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A Feminist Perspective on Nigeria’s Jos Crisis

Posted on 18 February 2011 by

Over the past five years there has been an escalation of sectarian violence in the Middle-Belt Zone of Nigeria. In the North-Central city of Jos, the army sent to protect, and the residents supposedly acting on behalf of their respective religious communities, have carried out extreme acts of violence against innocent victims. In the month of January of 2011, there have already been over 200 victims.

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A Call for Action on African Women’s Health & Human Rights

Posted on 03 February 2011 by

African Women’s Health and Rights Day (AWHRD) on February 4th, is an annual event to raise awareness and advance critical debate around the sexual and reproductive health and rights of women throughout the African continent both at the national and local levels. This year’s event is another opportunity to assess the state of women’s health and rights advancement across the region from the referendum in Sudan, the tensions around elections in Nigeria, the crisis in Democratic Republic of Congo which includes sexual violence and rape as a weapon of war, the women’s human rights abuses in Uganda based on sexuality, and the crisis in Côte d’Ivoire arising from that country’s last elections and the impact of all of these political issues on the political will to implement measures towards the protection of women’s sexual and reproductive health and rights.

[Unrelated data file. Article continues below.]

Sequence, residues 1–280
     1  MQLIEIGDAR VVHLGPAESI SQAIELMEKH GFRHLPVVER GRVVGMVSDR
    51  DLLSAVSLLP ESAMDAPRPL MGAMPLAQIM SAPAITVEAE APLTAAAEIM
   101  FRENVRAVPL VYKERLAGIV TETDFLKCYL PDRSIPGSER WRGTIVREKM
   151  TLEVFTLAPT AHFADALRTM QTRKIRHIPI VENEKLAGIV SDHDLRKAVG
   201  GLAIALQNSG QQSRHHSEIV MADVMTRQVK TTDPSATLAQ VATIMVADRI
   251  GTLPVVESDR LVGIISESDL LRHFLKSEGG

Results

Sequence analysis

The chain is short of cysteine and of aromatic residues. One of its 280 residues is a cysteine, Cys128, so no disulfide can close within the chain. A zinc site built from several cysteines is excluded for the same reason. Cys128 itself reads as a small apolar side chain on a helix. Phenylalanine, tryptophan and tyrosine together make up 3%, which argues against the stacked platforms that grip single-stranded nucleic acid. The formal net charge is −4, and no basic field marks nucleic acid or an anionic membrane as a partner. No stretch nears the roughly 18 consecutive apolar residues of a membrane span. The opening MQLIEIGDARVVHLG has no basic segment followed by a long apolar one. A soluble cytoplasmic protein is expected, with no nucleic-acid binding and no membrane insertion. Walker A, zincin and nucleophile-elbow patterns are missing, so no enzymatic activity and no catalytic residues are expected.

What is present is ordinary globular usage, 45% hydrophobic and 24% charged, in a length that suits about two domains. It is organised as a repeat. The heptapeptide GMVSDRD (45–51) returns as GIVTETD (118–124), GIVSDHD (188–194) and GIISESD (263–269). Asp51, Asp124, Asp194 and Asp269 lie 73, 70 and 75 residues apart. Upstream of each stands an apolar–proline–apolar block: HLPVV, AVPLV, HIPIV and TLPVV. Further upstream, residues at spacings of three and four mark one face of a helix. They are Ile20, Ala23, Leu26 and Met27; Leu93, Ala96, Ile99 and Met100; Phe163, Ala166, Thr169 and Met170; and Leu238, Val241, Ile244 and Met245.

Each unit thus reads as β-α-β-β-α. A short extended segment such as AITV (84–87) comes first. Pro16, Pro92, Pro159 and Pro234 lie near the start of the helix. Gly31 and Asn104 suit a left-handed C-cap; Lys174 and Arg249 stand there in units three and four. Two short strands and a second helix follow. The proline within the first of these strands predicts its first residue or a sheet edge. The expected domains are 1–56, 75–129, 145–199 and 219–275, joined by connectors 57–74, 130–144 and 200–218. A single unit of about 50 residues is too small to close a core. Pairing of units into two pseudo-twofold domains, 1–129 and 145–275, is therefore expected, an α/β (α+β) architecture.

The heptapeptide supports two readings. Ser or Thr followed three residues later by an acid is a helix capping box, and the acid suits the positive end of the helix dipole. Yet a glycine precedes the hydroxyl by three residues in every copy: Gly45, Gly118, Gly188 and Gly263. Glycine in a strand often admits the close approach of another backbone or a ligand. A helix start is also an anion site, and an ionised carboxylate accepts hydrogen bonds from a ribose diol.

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Mbarka Bouaida on Women’s Rights and Role in Politics in Morocco

Posted on 18 October 2010 by

Mbarka Bouaida is a Moroccan parliamentarian and Chair of the parliament’s Committee of Foreign Affairs, National Defense and Religious Affairs. She contested under the women’s quota in 2007 and became the youngest member of parliament representing the Commune of Anfa in Casablanca. Now, after being elected for a second term outside the umbrella of the women’s quota, she represents Morocco in the Euro-Mediterranean Parliamentary Assembly. WLP interviewed Ms. Bouaida after she spoke about women’s political participation in Morocco at the Middle East Institute in Washington, D.C.